Violence and abuse in young people's intimate relationships: Interface of gender, prevalence, impact and implications for prevention

Barter, Christine Anne orcid iconORCID: 0000-0001-5682-5333 (2017) Violence and abuse in young people's intimate relationships: Interface of gender, prevalence, impact and implications for prevention. In: Eliminating Gender-Based Violence. Routledge. ISBN 9781138924338

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This chapter outlines the issue of interpersonal violence and abuse (IPVA), including controlling behaviours, in the intimate relationships of young people aged 13 to 17 years-old. Findings from three studies, undertaken by the author alongside colleagues, are used to demonstrate the prevalence and impact of IPVA in young relationships, including some exploration of young people’s own narratives and understandings. Two of the studies (Barter et al; 2009, Wood et al 2010) explored physical, sexual and emotional forms of IPVA in the UK. The third study (Barter et al 2015) ‘Safeguarding Teenage Intimate Relationships’, known as ‘STIR’, addressed the ways in which new technologies were used in young people’s relationships to both reinforce other forms of face-to-face IPVA as well as constituting a discrete form of abuse. Building on these findings, the second half of the chapter addresses what we can do to prevent this form of abuse in young people’s lives, and discusses the app that was developed as part of the STIR project.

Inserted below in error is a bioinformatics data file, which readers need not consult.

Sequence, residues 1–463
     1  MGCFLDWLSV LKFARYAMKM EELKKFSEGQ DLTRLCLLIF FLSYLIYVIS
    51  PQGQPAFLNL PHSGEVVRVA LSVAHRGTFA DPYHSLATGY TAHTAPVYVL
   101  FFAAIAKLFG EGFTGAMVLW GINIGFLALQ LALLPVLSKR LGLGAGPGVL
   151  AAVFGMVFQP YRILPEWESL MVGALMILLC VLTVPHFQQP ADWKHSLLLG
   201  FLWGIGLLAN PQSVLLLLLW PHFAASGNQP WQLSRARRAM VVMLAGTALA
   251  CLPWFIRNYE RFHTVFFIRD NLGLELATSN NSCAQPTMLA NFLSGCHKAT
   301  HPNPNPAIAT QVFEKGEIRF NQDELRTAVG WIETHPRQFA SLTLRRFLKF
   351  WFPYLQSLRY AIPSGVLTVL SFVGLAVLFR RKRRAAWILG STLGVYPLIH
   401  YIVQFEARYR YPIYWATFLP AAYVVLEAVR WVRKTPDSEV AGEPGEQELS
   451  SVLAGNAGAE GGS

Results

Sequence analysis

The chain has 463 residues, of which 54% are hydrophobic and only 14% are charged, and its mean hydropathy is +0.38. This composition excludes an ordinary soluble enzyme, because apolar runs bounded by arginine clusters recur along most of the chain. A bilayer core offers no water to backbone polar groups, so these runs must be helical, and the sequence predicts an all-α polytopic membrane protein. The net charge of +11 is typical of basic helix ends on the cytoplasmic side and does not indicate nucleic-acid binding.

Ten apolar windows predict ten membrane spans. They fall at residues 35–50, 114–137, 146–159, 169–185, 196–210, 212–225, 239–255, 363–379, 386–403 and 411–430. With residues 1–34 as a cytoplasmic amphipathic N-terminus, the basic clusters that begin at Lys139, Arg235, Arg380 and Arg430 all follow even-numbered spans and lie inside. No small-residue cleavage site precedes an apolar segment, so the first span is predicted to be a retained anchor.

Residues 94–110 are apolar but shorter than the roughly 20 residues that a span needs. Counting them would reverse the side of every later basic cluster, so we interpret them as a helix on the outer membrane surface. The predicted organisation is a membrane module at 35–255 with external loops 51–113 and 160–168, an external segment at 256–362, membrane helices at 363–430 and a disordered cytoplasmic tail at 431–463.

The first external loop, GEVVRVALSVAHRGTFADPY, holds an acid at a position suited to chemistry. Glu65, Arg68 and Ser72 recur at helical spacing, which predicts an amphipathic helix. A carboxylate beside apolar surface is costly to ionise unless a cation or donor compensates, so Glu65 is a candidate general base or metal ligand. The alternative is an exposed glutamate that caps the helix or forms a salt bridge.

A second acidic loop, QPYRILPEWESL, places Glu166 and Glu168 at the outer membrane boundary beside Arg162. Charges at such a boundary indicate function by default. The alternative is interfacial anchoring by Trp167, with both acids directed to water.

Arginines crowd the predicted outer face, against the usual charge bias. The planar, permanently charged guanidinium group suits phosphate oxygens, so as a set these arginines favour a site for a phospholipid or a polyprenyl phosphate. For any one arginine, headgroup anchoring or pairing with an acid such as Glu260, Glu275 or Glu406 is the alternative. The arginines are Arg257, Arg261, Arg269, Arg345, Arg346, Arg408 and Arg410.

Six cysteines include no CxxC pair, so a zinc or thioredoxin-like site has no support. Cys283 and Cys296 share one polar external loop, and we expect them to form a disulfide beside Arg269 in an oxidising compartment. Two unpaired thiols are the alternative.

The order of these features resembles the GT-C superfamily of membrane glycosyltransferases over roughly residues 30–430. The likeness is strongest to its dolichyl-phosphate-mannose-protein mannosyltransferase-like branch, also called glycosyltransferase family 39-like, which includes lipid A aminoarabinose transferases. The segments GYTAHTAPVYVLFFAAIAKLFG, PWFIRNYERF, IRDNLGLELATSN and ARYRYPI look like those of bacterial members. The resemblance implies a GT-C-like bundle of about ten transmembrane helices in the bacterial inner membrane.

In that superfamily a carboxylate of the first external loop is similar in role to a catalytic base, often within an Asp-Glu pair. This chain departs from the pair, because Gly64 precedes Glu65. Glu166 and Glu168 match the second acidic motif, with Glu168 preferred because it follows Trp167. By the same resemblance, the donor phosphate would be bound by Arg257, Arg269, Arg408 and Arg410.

Most international research on IPVA in young people’s relationships has addressed three forms of abuse: physical; sexual and emotional/psychological. However, more recent studies have sought to examine the issue of abuse though new technologies, examine one or more of the following components: emotional online abuse (e.g. posting nasty/derogatory online messages); controlling behaviour (e.g. using mobile phones or social networking sites to try and control who someone can be friends with/where they go/or how to dress); surveillance (e.g. constantly checking on what partners have been doing /who they you have been seeing, demanding passwords to online social media accounts ); social isolation (e.g. attempting to isolate partners from friends by posting untrue/derogatory messages from their phones etc.) and coerced sexting. It is important to remember that in practice different forms of IPVA often intersect.

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